House Of Lords Reforms. Is It Necessary?

3080 Words13 Pages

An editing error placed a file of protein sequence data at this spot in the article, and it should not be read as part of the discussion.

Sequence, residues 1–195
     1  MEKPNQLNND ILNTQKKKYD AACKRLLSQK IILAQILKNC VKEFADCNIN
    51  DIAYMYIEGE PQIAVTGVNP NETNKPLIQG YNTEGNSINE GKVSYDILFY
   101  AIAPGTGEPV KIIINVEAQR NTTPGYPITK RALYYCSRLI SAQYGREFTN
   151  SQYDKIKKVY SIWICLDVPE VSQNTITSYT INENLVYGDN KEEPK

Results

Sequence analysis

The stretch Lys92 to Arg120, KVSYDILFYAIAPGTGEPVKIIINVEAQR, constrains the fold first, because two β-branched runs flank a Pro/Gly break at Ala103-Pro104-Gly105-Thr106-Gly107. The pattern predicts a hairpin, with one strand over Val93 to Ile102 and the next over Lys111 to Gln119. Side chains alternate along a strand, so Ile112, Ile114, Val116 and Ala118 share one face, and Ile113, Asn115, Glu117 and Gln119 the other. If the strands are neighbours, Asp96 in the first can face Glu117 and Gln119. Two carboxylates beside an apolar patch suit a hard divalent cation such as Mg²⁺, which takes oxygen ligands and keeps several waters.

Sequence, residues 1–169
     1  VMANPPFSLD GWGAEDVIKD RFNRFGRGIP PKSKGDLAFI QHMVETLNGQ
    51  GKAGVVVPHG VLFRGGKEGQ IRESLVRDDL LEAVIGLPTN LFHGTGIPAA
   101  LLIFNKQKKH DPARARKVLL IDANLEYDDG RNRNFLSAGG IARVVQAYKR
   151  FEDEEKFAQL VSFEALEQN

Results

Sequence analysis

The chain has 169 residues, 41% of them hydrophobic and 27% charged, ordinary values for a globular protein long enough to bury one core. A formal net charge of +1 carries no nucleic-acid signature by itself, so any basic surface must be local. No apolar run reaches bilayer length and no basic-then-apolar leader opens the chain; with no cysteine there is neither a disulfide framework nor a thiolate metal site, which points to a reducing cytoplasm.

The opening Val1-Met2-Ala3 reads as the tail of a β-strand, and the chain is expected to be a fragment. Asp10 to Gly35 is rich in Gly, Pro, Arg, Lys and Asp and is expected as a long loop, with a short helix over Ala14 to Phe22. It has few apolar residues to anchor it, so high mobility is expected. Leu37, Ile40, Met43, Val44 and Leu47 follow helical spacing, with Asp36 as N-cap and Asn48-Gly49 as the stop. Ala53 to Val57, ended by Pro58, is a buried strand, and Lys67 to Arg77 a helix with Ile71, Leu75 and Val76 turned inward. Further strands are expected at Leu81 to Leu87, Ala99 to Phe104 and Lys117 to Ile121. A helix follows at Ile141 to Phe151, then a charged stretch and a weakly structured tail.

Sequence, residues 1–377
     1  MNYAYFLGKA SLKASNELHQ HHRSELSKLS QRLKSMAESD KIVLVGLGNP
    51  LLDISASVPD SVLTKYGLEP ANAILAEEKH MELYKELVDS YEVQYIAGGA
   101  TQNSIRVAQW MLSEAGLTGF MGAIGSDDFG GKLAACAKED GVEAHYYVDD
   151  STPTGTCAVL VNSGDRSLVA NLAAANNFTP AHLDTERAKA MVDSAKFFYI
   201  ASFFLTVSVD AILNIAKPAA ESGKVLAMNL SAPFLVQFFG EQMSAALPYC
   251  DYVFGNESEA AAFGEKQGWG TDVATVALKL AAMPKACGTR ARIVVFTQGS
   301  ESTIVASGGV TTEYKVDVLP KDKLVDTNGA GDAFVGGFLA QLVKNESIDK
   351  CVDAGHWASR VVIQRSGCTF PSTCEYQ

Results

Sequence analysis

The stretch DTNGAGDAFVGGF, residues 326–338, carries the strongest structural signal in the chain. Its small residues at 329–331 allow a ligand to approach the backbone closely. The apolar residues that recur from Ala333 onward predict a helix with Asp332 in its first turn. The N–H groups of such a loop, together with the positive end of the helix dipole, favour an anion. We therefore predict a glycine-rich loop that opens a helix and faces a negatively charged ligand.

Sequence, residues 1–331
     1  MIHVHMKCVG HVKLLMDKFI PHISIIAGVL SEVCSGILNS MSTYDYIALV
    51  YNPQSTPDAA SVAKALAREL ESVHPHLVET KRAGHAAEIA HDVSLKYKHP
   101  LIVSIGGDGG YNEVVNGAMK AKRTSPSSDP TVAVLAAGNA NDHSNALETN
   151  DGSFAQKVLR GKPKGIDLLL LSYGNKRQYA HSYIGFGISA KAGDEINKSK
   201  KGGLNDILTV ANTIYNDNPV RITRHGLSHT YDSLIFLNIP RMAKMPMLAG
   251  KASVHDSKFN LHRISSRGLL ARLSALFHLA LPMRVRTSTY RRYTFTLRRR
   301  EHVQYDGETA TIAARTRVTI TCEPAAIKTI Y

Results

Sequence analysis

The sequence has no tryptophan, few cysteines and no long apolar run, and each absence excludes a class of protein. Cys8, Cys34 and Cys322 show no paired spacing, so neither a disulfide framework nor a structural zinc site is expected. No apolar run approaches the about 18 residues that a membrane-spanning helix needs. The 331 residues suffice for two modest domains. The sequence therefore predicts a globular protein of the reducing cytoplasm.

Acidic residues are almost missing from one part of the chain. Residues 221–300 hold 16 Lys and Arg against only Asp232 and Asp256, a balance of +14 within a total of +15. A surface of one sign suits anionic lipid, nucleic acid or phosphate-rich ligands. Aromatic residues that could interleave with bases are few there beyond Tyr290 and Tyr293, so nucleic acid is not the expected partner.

Define efficiency. Like most things, it is a matter of perspective. Like the House of Lords Reform. A certain Mr. Blair once claimed that the house stands in the way of effective law making. Efficiency, like I said a matter of perspective. This will be further illustrated and explained, later in the essay. As for now, a brief background on the House of Lords and the House of Commons, the history and relationship between them is required to understand the significance of the proposed 2 stage reforms which are as follows: a) The first stage , to remove the right of hereditary peers to vote in parliament (not fully accomplished), and the second stage; b) To decide whether the lower house should remain fully elected or partially elected and nominated. The term “parliament”, was coined in the 13th century. Its origins traced to the King’s council which essentially was an assembly of advisers to the King which also decided on appeal cases. This assembly, under one house, together with the crown made up what was known as the Parliament. The separation of the house into two houses as we know it today, the House of Lords and the House of Commons, occurred during the fourteenth century, although some scholars believe that the houses were separate since its origin. Functions of the houses at the time as juxtaposed with today were different. At the time, the Lords gave advice to the King, while the Commons consented to the King’s proposals. Today, the House of Lords is composed of the spiritual Lords and the Hereditary, Life, and Judicial peers. The spiritual Lords, their reason for existence in the Lords is mainly historical and traditional. They are the link between the parliament and the Church of England. They owe no allegiance to any political party, and also they are the voice of caution and reason on issues relating to moral and social wellbeing such as
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